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I'm working on a hopefully unrelated question question and I've got to a strange situation.

First: I know very little about the very low level hardware kernel storage driver magix, so I'm hoping a) someone can help and b) someone can explain it to me better.

I've been trying a dozen different configurations of my 2x500GB SATA drives over the past few hours involving switching between ACHI/IDE/RAID in my bios; After each attempt I've reset the bios option, booted into a live CD, deleting partitions and rewriting partition tables left on the drives.

Now, however, I've been sitting with a /dev/mapper/nvidia_XXXXXXX1 that seems to be impossible to kill!

It's the only 'partition' that I see in the Ubuntu install (but I can see the others in parted) but it is only the size of one of the drives, and I know I did not set any RAID levels other than RAID0.

Anyone have any ideas how I can kill this and get back to just two independent IDE drives? Or can anyone convince me of a reason to go the AHCI route?

Many thanks in advance.

Update Thanks to you guys this was sorted, and I've updated my blog with a summary walkthrough

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  • Of course, I may just be an idiot; of the two drives, I've only been partitioning one, leaving the other vacant for later use as a scratchdisk, and my thought process is that if the device-mapper is trying to represent both devices together, it will just display the capacity that is partitioned? Right? Wrong? Crazy? Mar 24, 2010 at 21:12
  • I'm wrong and crazy, the mapper was only dealing with one of the two drives (goodness knows why) Mar 24, 2010 at 21:16

3 Answers 3

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Thanks to wazoox for eliminating a possibility, but I found what works for me.

After a bit of experimenting, I tried

$dmraid -r

so see what raid sets were set up, then did

$dmraid -x

but was presented with

ERROR: Raid set deletion is not supported in "nvidia" format

Googled this and found this forum post that told me to do this;

$dmraid -rE

And that went through, rebooted, hoped, waited (well, while i was waiting, set the bios back to AHCI), and repartitioned, and all of (this particular issue) was well again. Hope this helps someone else down the line!

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  • Nice find, kudos! I wasn't aware of dmraid, I'm all in the enterprise-class RAID stuff :)
    – wazoox
    Mar 25, 2010 at 10:40
  • Neither was I! Nothin better than self-learning. Thanks for your help though, and now that I have the rep, enjoy some upvoting! Mar 25, 2010 at 12:32
  • Booting with nodmraid helps too. Dec 1, 2012 at 14:10
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You definitely must use AHCI. This is the native SATA controller mode, it provides enormous performance gains compared to the funky IDE emulation. "RAID" on motherboards is basically a sham, hiding a software RAID through a windows driver, and has absolutely zero effect under Linux. If you want RAID, use software RAID, it works great.

The "/dev/mapper/xxx" stuff probably is an LVM logical volume created by some partial installation. Open a console and see what "lvdisplay" shows. If there's some LVs, delete them with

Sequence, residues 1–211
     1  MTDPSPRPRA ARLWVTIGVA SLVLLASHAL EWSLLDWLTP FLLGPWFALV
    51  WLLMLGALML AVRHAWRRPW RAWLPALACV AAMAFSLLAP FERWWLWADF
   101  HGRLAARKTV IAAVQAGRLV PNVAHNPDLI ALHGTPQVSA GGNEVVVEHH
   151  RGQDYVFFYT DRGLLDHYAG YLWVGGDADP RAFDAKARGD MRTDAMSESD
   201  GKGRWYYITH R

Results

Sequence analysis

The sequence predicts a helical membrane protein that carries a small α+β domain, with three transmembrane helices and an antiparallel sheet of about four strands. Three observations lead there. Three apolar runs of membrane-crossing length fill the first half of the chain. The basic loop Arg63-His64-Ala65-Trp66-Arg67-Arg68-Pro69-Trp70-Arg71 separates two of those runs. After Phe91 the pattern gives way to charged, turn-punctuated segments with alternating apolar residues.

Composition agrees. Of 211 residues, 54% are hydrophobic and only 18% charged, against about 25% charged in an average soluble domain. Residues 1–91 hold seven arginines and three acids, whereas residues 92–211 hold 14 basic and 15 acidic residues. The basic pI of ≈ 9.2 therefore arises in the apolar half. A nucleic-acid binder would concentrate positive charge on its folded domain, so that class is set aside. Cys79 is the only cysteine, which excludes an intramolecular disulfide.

lvremove /dev/whatever

Then check for volumes groups and remove them : get the list with

vgdisplay

then kill with

vgremove /dev/whatever

Finally clean up LVM physical volumes :

lvdisplay

then

lvremove /dev/whatever

For reference, LVM manages disks partitions as "physical volumes", aggregates them in "volume groups", then allows you to make "logical volumes" on them. See LVM on wikipedia for more gory details.

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  • vgdisplay says nada, vgremove /... complains the volume group wasnt found (makes sense). Thanks for trying. As for AHCI, Sold! If i had the rep I've upvote; maybe later. Mar 24, 2010 at 21:21
  • run vgscan to see if you have VGs, then the commands in this answer. Mar 24, 2010 at 22:19
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    Tried that after nosying around the vgdisplay man pages, but thanks for the heads up Mar 26, 2010 at 22:00
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Device mapper creates references to partitions or devices, and associates a UUID that is different to the one seen in partition managers. Its not a new or separate device, its just a new reference. You can just get rid of the reference, there is no need to clean up your partitions or devices.

I wanted to remove a device that appeared in my file browser, because it is from another OS that i dont want to access from Ubuntu. (Im using a triple boot UEFI laptop.) I wanted to remove the device mapper device reference in my file browser.

The file browser showed me the UUID of the device

$ sudo blkid

--> lists all the devices and showed me the UUID came from device mapper

Hiding the partitions using /etc/udev/rules.d/ didnt work.

The answer by wazoox worked for me, to remove the device mapper reference.

$ sudo lvdisplay

--> showed the persistently displayed device, and another of same OS

$ sudo vgscan

--> showed me that i had one group, corresponding to the OS of the device

$ sudo vgremove groupname

--> deleted the group (change groupname to yours, no quotes)

When i reopened the file browser, that persistent device was gone. When i rebooted, the device didnt reappear in my browser.

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